1837 - 1845
Jack Hays was born 28 January 1817 at Cedar Lick in Wilson County, Tennessee. By the age of fifteen he had moved to Mississippi and began to learn surveying. By mid-1836 Hays was in Texas where he joined a Ranger company under Erastus "Deaf" Smith. He took part in a skirmish with the Mexican Cavalry and assisted in the capture of Juan Sánchez. He was appointed deputy surveyor of the Bexar District. Hays combined his knowledge of Indian warfare with his rangering.
In 1840, Hays was appointed a captain of the Rangers. He proved himself to be a fearless fighter and a good leader of men. His Ranger companies, often mixed groups of Anglos, Hispanics and Indians, engaged in battles and skirmishes with both the Comanches and other Indian tribes, as well as Mexican troops, throughout the early years of the 1840s. Hays and his Rangers were involved in important actions at Plum Creek, Cañon de Ugalde, Bandera Pass, Painted Rock, Salado, and Walker's Creek. The battle at Walker's Creek marked a turning point in Indian warfare with the first effective use of repeating firearms in close combat with the Comanche. Hays gained further respect as a fighter during the Mexican War. The First Regiment, Texas Mounted Riflemen, under the command of Colonel Jack Hays, served with the army of Zachary Taylor. Hays' men scouted for the army and took part in the Battle of Monterrey, Nuevo Leon, Mexico in 1846.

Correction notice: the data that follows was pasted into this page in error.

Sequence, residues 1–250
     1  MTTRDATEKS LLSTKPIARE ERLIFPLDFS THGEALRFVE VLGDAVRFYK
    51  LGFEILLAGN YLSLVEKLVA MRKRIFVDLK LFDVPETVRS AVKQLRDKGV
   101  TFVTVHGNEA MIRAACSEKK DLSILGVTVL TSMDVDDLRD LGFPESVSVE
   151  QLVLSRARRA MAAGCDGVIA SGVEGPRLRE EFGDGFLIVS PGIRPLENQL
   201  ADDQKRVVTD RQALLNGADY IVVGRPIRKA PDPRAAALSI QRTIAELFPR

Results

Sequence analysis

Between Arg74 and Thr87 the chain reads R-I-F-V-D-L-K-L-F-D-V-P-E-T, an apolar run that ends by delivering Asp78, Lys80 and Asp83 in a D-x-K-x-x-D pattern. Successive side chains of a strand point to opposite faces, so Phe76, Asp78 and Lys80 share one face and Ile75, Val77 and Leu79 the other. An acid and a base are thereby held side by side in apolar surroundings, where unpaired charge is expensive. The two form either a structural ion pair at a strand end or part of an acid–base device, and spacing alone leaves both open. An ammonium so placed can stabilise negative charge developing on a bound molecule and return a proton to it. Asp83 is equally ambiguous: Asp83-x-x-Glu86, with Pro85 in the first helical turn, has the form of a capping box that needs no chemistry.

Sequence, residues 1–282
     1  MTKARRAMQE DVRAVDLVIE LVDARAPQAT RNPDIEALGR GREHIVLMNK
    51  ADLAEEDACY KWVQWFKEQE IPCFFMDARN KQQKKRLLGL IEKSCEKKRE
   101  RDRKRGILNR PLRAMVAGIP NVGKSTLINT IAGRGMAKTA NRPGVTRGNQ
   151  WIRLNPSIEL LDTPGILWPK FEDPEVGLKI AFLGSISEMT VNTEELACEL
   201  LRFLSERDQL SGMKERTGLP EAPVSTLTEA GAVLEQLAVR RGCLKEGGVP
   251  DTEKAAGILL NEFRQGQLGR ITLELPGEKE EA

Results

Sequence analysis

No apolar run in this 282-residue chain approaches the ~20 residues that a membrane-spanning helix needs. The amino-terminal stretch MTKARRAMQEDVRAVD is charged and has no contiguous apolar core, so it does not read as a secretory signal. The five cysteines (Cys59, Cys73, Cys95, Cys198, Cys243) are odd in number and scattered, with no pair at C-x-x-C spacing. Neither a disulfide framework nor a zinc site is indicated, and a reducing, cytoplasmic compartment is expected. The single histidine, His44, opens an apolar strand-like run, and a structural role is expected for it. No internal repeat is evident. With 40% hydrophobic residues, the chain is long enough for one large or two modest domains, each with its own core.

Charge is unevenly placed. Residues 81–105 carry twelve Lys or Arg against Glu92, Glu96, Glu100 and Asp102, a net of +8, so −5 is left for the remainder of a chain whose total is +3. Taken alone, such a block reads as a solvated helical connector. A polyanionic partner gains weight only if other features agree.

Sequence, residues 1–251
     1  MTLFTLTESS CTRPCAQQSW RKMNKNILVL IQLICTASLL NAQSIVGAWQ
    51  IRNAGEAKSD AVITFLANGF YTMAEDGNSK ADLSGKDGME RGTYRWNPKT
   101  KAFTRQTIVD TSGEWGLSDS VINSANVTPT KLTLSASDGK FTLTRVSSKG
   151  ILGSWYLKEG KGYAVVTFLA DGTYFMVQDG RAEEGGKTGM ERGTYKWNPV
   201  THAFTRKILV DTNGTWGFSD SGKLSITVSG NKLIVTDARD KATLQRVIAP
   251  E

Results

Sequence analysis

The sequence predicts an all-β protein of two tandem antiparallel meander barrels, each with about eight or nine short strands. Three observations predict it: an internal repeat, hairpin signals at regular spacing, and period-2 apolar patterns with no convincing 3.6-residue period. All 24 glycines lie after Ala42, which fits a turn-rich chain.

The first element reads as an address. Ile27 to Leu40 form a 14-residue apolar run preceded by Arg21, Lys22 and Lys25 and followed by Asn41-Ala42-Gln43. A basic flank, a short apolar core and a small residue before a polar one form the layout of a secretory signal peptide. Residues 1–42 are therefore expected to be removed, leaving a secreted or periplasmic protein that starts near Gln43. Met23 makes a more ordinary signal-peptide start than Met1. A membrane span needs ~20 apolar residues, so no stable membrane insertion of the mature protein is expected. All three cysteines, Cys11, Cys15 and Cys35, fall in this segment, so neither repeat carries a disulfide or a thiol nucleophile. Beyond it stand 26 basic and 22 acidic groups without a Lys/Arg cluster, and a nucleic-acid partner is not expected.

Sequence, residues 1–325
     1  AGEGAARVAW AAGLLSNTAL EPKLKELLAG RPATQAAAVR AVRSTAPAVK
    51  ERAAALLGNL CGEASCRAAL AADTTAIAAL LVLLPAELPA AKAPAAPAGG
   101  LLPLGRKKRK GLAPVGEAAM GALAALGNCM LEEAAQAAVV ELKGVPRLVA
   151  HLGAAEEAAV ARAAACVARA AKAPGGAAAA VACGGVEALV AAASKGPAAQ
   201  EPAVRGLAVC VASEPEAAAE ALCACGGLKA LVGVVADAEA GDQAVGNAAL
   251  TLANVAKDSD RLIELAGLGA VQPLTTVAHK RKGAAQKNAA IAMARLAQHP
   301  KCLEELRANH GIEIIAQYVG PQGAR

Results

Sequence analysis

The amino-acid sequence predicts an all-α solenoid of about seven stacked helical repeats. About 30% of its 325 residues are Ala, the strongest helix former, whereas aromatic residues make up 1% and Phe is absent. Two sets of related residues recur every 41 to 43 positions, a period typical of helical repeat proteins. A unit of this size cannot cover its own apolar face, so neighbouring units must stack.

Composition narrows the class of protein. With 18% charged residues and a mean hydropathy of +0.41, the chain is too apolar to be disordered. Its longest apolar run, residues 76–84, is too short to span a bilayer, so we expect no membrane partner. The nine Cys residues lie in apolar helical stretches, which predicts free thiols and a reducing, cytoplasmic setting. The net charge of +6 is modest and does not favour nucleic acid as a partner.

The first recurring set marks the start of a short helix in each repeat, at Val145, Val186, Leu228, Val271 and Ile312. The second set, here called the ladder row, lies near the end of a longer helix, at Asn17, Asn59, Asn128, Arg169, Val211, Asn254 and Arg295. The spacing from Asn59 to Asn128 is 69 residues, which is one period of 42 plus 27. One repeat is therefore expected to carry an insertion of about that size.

The next year, another regiment under Hays helped to keep the communication and supply lines open between Veracruz and Mexico City for the troops under Winfield Scott. After the Mexican War, Hays left Texas, following the gold rush to California in 1849. He was elected as Sheriff of San Francisco in 1850. In 1853 he was appointed U. S. Surveyor General for California. He was one of the developers of Oakland, and held interests in land, banking and utilities. In 1876, Hays was a delegate to the Democratic national convention.
Hays died 21 April 1883 and was interred in the Mountain View Cemetery in Oakland, California.
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